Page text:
For me, this is such an emotionally effective piece. It hits hard, and it keeps hitting. What, for you, is the key to writing a piece that resonates on an emotional level?
Hmm, I would say empathy and vulnerability.
One of my favourite things is the idea of empathy as an aesthetic. To be a good storyteller in my opinion, is to be open to world views outside your own; this creates room for you to love your wholly human characters even when you don’t agree with them.
The vulnerability part, I think, is the willingness to put the hard parts of yourself on the page. I cried while writing parts of this story because I was drawing from my own grief. And to be that honest about all the feelings you are processing is hard work, especially when you don’t have the answers, just the questions that become the story.
What was the inspiration for this story – where did inspiration start and how did the story develop?
This story was in conversation with multiple different things happening in my world at the time I began thinking through it. Around 2017-2019 there seemed to be a dramatic increase in suicide attempts (or maybe there was just more visibility around them), especially among gendered males and more so in art spaces in Nairobi. There felt like there was such a heavy disconnect when it came to conversations around mental health between our generation and our parents/elders.
The other thing I was thinking through was the misconceptions around queerness in conservative spaces back home. But I also knew that this is not a story anyone else should tell for us but us.
Lastly, I was in a season of multilayered grief and loss, working through my own relationship to death as I struggled with my mental health. I feel like I resonated heavily with Nyokabi and projected a lot of my own experiences/thought process onto her.
A lot of my work is based on a rejection of linear conceptualization of time and is in opposition to the chosen one trope which comes across as exceptionalism—an idea I abhor. So all these things combined and became Nyokabi’s and Baraka’s and Time’s journey.
This story tackles some very tricky but important issues. Was it difficult to write, in terms of content or messaging; was there a process of wondering if you wanted to address these things? Or are these the kinds of topics which you tend to be drawn to write about?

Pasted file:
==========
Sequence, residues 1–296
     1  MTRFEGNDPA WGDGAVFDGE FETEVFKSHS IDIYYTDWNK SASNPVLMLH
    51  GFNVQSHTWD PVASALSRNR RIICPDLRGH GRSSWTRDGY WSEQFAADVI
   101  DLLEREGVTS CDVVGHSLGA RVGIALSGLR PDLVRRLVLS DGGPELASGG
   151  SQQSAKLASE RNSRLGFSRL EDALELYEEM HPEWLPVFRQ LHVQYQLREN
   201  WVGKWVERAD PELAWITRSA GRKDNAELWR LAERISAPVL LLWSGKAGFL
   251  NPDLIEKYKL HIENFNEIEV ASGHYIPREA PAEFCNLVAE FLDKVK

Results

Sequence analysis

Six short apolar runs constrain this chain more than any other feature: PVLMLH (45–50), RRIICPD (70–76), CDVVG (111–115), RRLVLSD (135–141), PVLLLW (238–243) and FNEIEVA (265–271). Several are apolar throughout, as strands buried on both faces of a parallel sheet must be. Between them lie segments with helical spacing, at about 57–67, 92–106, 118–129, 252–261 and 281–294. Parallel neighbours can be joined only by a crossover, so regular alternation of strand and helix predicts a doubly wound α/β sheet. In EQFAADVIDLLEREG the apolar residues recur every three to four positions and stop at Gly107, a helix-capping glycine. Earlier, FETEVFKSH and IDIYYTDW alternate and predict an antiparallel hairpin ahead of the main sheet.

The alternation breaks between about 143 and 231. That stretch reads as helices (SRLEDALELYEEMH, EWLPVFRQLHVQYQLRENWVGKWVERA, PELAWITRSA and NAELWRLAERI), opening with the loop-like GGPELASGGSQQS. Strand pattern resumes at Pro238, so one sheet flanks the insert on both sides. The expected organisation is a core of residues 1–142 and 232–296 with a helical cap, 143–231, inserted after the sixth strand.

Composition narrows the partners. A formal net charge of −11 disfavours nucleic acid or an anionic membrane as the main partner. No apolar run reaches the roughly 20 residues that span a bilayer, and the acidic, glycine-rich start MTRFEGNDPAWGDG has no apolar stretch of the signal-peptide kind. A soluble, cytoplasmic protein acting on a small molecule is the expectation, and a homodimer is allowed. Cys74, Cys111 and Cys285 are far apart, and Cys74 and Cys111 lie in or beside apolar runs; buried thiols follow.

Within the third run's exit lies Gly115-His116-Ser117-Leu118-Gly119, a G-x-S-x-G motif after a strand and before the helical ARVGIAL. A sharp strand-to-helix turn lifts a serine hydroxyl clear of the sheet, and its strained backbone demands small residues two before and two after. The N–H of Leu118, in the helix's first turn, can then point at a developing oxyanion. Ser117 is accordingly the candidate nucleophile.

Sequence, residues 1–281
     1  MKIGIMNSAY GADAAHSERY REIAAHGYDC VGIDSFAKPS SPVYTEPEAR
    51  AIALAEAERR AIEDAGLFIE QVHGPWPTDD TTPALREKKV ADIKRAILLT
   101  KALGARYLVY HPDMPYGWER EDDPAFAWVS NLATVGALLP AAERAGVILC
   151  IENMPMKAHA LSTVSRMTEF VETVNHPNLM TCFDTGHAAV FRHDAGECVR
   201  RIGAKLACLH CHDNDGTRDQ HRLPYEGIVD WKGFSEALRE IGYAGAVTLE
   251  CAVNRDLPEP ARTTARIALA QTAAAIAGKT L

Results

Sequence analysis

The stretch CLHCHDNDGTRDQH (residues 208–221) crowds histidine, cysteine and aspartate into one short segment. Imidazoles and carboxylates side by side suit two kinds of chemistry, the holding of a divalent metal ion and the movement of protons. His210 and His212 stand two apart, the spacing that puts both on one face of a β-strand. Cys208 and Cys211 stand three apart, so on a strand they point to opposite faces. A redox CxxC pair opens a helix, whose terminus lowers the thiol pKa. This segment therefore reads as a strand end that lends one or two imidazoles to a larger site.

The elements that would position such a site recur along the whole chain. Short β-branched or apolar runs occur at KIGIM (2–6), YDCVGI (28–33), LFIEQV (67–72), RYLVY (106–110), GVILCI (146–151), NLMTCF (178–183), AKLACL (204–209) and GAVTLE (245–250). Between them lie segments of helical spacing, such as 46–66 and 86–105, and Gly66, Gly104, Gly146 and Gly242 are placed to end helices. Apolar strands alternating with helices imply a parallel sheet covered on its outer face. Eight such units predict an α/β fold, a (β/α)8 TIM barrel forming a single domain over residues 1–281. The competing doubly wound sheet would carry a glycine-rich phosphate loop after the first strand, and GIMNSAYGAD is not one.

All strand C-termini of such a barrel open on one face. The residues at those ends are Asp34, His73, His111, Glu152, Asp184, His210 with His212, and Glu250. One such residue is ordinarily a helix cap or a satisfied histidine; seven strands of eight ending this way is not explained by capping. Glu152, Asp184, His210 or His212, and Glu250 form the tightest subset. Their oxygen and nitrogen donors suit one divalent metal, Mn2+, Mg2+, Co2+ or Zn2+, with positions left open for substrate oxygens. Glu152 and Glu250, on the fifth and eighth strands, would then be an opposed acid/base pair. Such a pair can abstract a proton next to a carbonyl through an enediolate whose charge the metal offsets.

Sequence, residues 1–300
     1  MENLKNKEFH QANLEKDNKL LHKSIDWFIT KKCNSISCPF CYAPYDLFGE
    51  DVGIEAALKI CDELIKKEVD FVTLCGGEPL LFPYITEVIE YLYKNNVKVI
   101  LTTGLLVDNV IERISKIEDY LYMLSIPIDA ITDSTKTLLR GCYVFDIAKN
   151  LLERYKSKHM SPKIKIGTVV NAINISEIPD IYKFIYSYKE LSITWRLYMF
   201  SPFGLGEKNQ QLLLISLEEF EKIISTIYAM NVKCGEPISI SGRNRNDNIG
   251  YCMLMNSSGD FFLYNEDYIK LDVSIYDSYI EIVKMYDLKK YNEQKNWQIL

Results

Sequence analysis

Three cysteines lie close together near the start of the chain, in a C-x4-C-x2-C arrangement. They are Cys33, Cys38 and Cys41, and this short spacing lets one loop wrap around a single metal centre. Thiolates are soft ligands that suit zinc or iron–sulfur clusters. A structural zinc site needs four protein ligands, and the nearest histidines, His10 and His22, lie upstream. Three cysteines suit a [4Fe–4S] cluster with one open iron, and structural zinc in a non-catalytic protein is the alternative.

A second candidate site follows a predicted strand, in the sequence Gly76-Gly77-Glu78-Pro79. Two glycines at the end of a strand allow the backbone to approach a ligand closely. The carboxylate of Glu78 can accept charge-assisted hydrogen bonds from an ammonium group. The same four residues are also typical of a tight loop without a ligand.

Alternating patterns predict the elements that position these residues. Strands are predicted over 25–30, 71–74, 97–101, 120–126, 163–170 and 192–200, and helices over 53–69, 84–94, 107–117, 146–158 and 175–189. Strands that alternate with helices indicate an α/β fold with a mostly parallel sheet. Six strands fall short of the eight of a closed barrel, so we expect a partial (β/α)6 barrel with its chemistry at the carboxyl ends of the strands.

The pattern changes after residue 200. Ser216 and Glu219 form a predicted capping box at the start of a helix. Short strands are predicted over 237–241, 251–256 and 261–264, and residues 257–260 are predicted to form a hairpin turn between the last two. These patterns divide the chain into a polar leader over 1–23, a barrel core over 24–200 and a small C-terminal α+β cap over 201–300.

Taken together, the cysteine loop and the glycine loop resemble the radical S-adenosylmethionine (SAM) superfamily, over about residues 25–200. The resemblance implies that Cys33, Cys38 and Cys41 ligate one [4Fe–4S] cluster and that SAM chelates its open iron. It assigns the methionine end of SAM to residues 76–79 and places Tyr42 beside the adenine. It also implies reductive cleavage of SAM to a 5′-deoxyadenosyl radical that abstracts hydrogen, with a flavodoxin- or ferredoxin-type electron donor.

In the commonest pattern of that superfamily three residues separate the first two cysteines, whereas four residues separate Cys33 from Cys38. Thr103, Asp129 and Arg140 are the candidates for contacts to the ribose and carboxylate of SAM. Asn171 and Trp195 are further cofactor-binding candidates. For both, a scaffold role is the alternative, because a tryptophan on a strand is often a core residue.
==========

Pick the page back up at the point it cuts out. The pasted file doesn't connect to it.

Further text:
It wasn’t as difficult to write as it was to revise. You’re right in that so much of this is sensitive, and the story is very Kenyan with its whole chweest. My first audience being those back home made it so I had no desire to center anything other than a Kenyan experience. That said, queerness and mental health still carry heavy taboos, so yes, there was a moment of asking if we are ready to have some of these conversations in public.
Though, I must say I am grateful because my work is able to be what it is only because it builds off of work that has come before me and conversations that are already happening around me. At this moment, I want to draw attention to the work around repeal-162 in Kenya, which is a collective movement that challenged the penal codes that criminalizes sexual conduct between two consenting adults of the same sex.
I also just love the stories and essays Binyavanga Wainaina left with us before he died. It is important to know that my work does not exist in a vacuum and that this is just one story. It doesn’t try to represent all mental health; it doesn’t stand in for all grief stories, or all versions of queerness, or all Kenyan experience. And I want it to stand in conversation with all the other ways of being.
Utilizing Time as a point of view gives this piece an unexpected dimension, making it more dynamic. What was the thought process behind having Time as a witness, instead of solely utilizing the dual viewpoints of Nyokabi and Baraka? What effect do you hope to create for the reader?
Ha. I am merely a vessel and time told me she wanted a voice in this story, so who am I to refuse? Lol.
My own personal politic is that I reject Western notions of ‘time management’ which attempt to control, utilize, and dictate time. That’s very capitalist perspective. Hence the adage “time is money.”